PEF’s statewide labor-management and health and safety committees must move very quickly to influence return-to-work and future telecommuting policies before a July 31 deadline. That was the urgent message they received at an all-day Zoom meeting on June 25 with PEF leaders and staff.
“We have a lot of labor-management work to do in the next few weeks,” PEF Director of Contract Administration Debra Greenberg told them.
The current Memorandum of Agreement between PEF and the state regarding telecommuting expired at the close of business on July 2, but state agencies and authorities can continue telecommuting under the terms of the agreement or a pre-existing agreement until July 31, when according to the Governor’s Office of Employee Relations (GOER), each agency is required to have their own telecommuting programs in effect and reviewed by GOER.
PEF’s agency level L-M and H&S committees were urged to survey their PEF constituents to find out what they want, and the committees should immediately contact the management chairs of these committees to request an emergency meeting to discuss the telecommuting plans that will be submitted to GOER. Committee chairs should immediately reach out to their PEF field representative and involve him or her in this process.
“We’re not going to wait for the next quarterly labor-management meeting,” Greenberg said. “We should say to management, ‘Let’s get this process started immediately.’”
The plans that are approved by July 31 will meet an immediate need to set and clarify telecommuting policies at the agencies. But another, later date may follow for establishing permanent plans, in accordance with the tentative agreement between PEF and the state.
The tentative PS&T contract agreement, if ratified this month, would allow an employee who is denied telecommuting by their direct supervisor to ask management to review that decision. Every state agency and authority will be required to implement a telecommuting plan within nine months, and the agencies and authorities must meet and confer with the union to develop those plans. The four-day-per-pay-period limitation is eliminated in the tentative agreement and instead agencies, to the greatest extent possible, should allow flexibility in the employees’ choice of which and how many days to telecommute per week or pay period.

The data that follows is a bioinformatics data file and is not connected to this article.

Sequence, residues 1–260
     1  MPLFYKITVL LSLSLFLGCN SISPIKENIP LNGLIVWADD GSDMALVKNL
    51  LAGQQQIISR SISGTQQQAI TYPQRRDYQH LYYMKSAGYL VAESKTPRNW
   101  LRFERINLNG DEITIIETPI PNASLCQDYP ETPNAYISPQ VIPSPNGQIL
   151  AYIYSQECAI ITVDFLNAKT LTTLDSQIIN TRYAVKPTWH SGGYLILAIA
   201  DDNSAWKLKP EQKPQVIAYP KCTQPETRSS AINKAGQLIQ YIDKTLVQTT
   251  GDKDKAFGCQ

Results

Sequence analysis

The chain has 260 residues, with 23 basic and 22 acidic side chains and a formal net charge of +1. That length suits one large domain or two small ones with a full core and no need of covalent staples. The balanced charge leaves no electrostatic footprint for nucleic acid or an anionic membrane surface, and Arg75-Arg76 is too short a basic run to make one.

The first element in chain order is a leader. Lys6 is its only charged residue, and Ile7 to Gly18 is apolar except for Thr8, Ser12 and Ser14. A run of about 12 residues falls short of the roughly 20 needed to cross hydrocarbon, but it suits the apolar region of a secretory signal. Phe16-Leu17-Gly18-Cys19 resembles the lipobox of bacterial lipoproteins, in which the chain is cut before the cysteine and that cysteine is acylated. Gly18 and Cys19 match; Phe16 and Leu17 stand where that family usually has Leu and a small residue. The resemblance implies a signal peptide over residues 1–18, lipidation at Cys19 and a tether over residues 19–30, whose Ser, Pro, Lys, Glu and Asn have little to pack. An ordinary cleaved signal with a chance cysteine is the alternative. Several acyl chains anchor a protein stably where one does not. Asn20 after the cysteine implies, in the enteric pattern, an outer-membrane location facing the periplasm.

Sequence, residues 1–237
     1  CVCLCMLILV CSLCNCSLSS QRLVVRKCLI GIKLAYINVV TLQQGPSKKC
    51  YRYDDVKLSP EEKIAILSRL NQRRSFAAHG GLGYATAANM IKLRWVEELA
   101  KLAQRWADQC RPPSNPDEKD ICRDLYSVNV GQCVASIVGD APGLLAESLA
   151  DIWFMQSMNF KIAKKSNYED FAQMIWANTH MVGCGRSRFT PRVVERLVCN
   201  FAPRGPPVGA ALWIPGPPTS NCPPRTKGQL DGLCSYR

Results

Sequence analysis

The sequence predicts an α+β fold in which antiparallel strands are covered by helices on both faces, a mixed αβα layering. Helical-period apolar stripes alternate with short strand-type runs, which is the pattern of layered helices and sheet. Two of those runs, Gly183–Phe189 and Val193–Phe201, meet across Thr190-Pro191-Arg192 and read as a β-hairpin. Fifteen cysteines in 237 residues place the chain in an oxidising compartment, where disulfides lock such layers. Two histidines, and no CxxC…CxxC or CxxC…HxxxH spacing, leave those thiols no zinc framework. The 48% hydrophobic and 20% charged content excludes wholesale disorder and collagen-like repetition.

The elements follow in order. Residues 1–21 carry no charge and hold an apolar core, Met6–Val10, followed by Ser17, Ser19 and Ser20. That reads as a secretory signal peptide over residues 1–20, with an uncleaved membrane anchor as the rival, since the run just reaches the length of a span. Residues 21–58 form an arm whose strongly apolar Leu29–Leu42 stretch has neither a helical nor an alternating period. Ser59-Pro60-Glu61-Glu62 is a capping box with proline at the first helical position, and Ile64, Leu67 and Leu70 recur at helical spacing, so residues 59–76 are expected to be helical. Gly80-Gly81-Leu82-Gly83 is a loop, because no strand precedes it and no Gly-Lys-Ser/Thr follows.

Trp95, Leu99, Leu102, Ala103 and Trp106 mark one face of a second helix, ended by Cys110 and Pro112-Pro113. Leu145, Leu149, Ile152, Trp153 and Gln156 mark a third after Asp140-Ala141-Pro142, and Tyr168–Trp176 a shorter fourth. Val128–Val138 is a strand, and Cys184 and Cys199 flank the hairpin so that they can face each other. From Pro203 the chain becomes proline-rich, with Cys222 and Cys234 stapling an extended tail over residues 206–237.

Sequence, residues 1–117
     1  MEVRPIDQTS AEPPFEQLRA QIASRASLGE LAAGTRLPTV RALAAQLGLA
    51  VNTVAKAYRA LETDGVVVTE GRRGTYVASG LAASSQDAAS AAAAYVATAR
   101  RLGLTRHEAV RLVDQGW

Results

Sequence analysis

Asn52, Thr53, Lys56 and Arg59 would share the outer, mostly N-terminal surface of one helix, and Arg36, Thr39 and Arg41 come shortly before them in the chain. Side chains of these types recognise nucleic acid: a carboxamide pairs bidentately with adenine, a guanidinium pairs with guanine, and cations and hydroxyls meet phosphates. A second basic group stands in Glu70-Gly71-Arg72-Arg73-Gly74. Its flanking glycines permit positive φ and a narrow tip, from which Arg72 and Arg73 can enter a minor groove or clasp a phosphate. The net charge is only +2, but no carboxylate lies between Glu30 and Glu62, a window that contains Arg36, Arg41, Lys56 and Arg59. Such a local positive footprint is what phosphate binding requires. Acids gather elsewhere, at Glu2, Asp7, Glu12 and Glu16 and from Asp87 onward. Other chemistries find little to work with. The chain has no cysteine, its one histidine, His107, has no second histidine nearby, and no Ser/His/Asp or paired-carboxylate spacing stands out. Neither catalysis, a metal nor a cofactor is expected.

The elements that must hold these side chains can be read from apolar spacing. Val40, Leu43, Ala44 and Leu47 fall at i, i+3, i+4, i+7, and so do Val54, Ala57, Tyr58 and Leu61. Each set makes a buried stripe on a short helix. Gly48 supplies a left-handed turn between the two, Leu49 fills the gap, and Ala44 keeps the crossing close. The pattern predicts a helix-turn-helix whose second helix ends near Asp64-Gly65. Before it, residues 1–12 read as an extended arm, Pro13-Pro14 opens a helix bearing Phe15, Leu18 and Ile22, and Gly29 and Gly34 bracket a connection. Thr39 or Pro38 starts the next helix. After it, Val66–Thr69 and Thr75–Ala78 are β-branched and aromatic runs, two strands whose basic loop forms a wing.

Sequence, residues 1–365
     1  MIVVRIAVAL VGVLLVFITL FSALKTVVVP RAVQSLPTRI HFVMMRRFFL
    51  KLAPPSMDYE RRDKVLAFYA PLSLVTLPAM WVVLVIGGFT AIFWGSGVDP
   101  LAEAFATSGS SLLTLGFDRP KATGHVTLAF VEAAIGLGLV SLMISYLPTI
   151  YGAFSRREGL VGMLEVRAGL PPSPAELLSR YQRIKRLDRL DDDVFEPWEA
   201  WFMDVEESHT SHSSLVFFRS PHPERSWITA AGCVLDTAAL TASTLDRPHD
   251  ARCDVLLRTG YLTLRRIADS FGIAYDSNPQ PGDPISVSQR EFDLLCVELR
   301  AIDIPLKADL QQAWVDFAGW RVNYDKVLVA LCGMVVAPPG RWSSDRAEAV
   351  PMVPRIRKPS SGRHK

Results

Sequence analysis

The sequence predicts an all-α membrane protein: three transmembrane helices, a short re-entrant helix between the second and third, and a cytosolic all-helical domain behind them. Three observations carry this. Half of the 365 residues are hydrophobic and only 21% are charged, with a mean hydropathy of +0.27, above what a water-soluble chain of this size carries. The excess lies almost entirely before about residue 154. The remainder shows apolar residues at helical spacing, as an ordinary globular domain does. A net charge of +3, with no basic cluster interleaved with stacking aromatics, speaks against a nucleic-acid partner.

“We have time after ratification to improve these agency plans,” Greenberg said. She added that she believes agencies were often impressed by how well employees performed from home during the pandemic shutdown and now may be willing to approve more robust telecommuting plans than they had allowed before the pandemic.
PEF associate counsel Ed Aluck said agencies will have the right to decide where telecommuting is “feasible,” with PEF input, but now PEF can say, “It worked for 16 months; so what is your objection?”
Greenberg told the PEF committee chairs to reach out to her or to Aluck if they encounter resistance to meeting with PEF to develop these plans.
PEF Vice President Sharon DeSilva, who chaired the Zoom meeting, said, “Agencies are going to consider their operational needs. We have to say, ‘Telecommuting has been working even above and beyond what was required.’ It has been quite successful.”
“Our labor-management and health and safety committee members should work together with their field reps,” DeSilva said. “Let’s work as a team!”
“It is clear that agencies must develop their plan with us,” Greenberg said. “That is what the contract requires.”